A Christian doctor is appealing to reverse a ban preventing him from providing the abortion pill reversal treatment.
Former president of the Catholic Medical Association, Dr Dermot Kearney, was barred last year from providing emergency abortion pill rescue therapy (APR) for up to 18 months.
He was investigated by the General Medical Council over the treatment.
APR is the administration of progesterone to a pregnant woman who has taken the first abortion pill, mifepristone, but changed her mind about proceeding with the abortion.
Critics say the treatment is unproven and potentially dangerous but pro-lifers say it can save the life of unborn babies
The Christian Legal Centre (CLC) is supporting Dr Kearney, who will see his case heard at the Royal Courts of Justice on February 24.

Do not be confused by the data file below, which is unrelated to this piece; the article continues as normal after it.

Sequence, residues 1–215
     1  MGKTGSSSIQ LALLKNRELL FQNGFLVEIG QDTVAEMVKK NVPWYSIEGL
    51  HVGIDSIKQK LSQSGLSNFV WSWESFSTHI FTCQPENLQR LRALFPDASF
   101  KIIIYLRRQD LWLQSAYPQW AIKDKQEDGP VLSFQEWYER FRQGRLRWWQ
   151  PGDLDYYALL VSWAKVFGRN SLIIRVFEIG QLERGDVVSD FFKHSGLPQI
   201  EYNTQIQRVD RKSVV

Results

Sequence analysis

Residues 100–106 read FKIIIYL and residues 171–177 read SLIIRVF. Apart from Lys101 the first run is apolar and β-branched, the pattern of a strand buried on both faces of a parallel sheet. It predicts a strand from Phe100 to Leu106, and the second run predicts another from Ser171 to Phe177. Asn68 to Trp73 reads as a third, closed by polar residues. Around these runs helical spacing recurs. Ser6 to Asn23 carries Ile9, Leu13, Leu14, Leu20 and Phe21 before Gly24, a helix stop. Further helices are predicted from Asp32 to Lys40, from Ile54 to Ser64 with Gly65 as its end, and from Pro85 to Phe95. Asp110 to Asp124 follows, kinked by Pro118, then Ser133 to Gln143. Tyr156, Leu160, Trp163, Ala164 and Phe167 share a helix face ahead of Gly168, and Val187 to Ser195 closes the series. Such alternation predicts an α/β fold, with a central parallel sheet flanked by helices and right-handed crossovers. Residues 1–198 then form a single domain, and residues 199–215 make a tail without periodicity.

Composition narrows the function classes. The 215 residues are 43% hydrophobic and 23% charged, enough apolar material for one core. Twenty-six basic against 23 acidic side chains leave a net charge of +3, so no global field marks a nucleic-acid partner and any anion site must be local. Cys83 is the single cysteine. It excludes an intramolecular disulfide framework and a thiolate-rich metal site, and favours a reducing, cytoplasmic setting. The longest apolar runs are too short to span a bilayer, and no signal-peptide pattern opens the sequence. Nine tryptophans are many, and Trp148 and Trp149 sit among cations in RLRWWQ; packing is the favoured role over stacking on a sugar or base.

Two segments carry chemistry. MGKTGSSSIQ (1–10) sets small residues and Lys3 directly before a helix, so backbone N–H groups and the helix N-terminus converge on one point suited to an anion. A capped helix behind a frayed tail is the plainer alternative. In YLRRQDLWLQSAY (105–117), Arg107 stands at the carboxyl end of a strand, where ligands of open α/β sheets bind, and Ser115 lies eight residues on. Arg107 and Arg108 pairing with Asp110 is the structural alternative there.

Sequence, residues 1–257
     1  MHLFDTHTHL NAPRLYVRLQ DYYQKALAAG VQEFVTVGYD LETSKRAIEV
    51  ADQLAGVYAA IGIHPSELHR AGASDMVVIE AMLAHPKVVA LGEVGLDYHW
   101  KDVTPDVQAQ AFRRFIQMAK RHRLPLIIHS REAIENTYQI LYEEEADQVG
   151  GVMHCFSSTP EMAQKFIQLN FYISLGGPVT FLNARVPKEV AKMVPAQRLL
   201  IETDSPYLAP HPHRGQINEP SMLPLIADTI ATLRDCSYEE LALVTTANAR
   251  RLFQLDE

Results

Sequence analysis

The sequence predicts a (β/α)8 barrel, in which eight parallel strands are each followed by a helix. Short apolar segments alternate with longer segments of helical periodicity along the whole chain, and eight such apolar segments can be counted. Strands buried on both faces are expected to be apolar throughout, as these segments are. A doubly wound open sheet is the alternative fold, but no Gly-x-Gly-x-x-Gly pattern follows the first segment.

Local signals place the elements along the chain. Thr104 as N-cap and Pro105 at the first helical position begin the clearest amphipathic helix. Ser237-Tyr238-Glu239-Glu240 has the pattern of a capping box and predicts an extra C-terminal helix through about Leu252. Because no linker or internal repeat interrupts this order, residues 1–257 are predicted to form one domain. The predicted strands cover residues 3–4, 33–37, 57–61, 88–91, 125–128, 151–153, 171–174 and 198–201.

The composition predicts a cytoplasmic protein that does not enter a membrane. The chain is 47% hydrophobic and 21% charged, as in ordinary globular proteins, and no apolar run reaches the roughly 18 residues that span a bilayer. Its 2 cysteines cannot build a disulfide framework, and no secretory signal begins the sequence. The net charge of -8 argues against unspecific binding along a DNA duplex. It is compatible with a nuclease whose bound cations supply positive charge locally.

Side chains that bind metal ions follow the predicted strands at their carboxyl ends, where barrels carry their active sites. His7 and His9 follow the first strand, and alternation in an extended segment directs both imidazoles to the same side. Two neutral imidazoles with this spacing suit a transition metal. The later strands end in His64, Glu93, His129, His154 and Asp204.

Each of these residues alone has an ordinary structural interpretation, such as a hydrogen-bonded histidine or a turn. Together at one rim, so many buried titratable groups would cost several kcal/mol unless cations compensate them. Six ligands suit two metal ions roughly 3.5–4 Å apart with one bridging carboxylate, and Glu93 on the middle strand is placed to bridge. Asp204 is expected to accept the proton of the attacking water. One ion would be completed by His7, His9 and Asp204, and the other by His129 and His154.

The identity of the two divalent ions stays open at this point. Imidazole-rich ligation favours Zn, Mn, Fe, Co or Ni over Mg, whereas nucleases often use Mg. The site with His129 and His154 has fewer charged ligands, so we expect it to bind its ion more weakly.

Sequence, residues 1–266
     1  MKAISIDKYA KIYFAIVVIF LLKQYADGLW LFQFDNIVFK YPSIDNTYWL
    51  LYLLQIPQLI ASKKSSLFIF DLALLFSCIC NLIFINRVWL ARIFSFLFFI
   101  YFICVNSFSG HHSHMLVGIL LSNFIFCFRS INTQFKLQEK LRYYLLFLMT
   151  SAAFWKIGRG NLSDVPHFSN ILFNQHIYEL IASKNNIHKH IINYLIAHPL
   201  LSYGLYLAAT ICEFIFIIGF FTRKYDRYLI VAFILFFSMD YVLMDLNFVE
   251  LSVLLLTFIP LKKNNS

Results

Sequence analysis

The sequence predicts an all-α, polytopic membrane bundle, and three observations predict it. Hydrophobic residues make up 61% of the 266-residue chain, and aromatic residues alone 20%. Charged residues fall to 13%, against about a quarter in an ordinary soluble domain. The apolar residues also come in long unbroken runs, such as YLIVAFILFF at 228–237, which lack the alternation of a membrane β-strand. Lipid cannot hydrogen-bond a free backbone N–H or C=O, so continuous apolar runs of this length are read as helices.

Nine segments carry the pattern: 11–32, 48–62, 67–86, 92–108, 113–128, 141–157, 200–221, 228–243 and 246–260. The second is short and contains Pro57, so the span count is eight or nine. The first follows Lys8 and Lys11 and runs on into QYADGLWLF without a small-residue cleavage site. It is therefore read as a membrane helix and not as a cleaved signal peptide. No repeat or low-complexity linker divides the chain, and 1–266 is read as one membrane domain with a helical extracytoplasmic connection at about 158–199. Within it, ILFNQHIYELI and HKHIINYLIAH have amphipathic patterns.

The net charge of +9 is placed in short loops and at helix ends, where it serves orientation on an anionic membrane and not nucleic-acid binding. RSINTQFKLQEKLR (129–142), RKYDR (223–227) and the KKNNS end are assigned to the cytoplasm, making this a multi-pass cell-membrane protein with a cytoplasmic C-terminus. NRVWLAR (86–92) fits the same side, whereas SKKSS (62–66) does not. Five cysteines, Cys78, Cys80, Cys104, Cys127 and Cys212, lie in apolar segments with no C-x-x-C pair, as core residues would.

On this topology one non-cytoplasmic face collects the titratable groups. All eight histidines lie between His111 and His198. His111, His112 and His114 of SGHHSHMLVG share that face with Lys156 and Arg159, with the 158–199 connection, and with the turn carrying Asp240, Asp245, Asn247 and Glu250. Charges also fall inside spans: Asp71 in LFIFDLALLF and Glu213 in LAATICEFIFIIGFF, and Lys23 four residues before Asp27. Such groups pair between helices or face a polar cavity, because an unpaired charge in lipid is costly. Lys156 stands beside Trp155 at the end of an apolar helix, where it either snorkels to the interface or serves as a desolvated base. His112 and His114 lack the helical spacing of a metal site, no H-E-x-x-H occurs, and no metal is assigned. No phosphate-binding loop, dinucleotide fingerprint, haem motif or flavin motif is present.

His lawyers will argue that the ban is disproportionate and should be revoked.
The CLC said there had been a 'spike' in demand for APR after the government changed abortion rules to allow "pills by post" - temporary legislation meaning women can take their abortion pills at home.
CLC chief executive Andrea Williams said Dr Kearney should be free to help women save their pregnancy.
She said: "We have seen many women immediately regret taking the first abortion pill."
"Abortion providers are putting women on a conveyer belt which means once they start the abortion process, they have to go through with it and are pressured to do so or left with no alternatives.
"Women should be properly informed, as a matter of course, that the baby's death is not inevitable after the first pill is taken."